News Story

Teacher Of The Year An Advocate For Union And Public School Interests’ Dubious Claims

They advocate for more money and powers

The Michigan Department of Education states that its teacher of the year “serves as a representative and advocate for Michigan’s more than 90,000 teachers. ...”

A March 30 Detroit Free Press op-ed written by 2021-22 Teacher of the Year Leah Porter repeats many questionable assertions promoted by the state’s public school establishment and its unions.

For this reason, Michigan Capitol Confidential is performing fact checks on several claims made by Porter, who works for Holt Public Schools. This is the first installment.

Porter claimed, “Even prior to the pandemic, Michigan’s educational system was a cracking dam, with years of neglect and underfunding chipping away at its foundation.”

“Neglect and underfunding” are political claims. State spending on the public school establishment had increased for nine consecutive years, from 2012-13 to 2019-20.

Total K-12 public school funding in the 2012-2013 school year from all sources (local, state, and federal) was the equivalent of $15.76 billion in 2022 dollars. In the last school budget before the pandemic, which was for the 2019-20 school year, there was a total of $17.45 billion in inflation-adjusted school spending. These figures include federal money.

Federal pandemic dollars injected into the state budget in 2021 created a huge surplus. The 2020-21 K-12 budget included $7.87 billion in federal funding. For comparison, going back to 2000-01, the previous high water mark for federal funding for Michigan schools was $2.16 billion in 2008-09, which came in response to the subprime mortgage meltdown and financial crisis. From 2008-2011, Michigan’s K-12 education system received $6.4 billion (not adjusted for inflation) in federal funding. From 2019-22, the state’s K-12 system has received a total of $12.85 billion in federal funding.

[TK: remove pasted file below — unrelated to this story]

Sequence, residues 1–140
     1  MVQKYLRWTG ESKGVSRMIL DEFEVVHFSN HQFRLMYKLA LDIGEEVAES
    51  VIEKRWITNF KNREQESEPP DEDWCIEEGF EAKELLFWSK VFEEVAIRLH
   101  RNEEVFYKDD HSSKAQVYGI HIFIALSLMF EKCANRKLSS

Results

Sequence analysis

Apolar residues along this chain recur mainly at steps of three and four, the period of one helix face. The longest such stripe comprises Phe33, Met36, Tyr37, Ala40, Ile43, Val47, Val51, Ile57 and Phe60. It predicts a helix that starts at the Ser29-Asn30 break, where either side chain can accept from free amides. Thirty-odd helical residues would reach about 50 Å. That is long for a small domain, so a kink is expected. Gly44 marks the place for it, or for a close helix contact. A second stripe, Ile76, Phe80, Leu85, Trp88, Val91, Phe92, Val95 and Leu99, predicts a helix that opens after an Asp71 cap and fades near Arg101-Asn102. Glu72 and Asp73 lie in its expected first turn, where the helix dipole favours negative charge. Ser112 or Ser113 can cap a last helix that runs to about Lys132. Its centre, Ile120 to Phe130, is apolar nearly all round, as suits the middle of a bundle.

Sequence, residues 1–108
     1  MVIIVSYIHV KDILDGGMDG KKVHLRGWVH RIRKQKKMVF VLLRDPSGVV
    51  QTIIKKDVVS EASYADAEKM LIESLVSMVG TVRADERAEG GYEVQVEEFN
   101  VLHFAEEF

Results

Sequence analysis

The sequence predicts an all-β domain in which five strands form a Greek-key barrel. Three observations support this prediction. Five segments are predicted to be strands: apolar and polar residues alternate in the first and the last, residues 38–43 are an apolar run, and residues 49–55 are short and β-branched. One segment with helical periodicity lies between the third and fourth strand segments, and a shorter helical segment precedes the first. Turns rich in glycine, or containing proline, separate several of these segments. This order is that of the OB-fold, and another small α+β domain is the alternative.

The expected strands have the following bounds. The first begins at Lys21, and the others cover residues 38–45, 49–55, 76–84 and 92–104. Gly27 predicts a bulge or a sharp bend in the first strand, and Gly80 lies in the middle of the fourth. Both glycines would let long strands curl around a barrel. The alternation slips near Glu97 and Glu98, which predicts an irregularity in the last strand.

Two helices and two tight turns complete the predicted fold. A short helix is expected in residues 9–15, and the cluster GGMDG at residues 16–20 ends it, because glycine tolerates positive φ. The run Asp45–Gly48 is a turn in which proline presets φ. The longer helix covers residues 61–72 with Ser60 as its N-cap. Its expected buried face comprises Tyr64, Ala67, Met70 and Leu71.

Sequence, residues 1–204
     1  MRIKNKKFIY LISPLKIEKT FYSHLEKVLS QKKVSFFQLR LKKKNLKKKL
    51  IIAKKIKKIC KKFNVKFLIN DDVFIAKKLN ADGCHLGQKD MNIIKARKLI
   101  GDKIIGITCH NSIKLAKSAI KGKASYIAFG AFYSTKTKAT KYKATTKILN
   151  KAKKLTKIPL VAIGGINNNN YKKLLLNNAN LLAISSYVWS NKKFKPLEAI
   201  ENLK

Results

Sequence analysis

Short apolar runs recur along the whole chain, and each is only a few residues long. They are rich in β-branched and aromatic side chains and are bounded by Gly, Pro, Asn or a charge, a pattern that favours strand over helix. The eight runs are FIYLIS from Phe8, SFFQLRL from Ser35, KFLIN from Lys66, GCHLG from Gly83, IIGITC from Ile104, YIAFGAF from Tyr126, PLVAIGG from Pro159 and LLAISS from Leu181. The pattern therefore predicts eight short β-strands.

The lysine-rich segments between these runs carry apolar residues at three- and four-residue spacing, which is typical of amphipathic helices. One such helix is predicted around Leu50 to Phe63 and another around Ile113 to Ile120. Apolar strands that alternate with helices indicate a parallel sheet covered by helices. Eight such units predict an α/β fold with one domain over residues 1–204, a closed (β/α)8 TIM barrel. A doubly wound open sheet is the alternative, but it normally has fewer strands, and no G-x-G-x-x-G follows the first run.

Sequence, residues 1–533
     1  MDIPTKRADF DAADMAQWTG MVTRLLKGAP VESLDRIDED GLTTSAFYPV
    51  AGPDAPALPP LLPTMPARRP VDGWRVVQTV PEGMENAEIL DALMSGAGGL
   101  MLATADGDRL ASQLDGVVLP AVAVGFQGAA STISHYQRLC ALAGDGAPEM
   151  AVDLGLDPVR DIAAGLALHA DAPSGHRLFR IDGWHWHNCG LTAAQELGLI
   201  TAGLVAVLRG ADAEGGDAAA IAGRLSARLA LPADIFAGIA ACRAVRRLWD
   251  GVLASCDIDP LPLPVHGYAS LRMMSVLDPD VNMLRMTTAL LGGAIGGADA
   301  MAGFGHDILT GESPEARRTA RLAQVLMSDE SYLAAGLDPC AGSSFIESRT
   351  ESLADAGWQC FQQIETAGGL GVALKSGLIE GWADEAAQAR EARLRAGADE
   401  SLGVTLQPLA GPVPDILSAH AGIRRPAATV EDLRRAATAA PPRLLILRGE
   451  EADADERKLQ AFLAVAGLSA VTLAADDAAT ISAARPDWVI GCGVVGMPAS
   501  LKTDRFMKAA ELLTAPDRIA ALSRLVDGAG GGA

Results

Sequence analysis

The huge injection of federal dollars has pushed total K-12 funding (state and federal) to record levels. Total K-12 funding went from $14.81 billion in 2018-19 (the last year before the pandemic impacted schools) to $16.01 billion in 2019-20 and then $21.72 billion in 2020-21 and $16.98 billion in 2021-22. These numbers are not adjusted for inflation. There was a drop in total funding in 2021-22, but only because the unprecedented level of federal funding was not continued.

Porter has personally benefitted from the multiyear rise in spending, as have many other Michigan public school employees. Porter’s gross pay increased from $61,701 in 2013-14 to $82,596 in 2020-21.

The Holt school district that employs Porter has also benefitted from the growth in state support. While enrollment in Holt schools is down 13% since 2012-13, the district has nevertheless seen a 13% increase in real, after-inflation rise in state funding. This increase has come even as district enrollment has fallen. On a per-pupil basis, and again, after adjusting for inflation, the Holt district is getting about $666 more per pupil this year than it did in 2012-13.

These increases are not unique to Holt; most districts have seen comparable gains, and some much more.

Michigan Capitol Confidential is the news source produced by the Mackinac Center for Public Policy. Michigan Capitol Confidential reports with a free-market news perspective.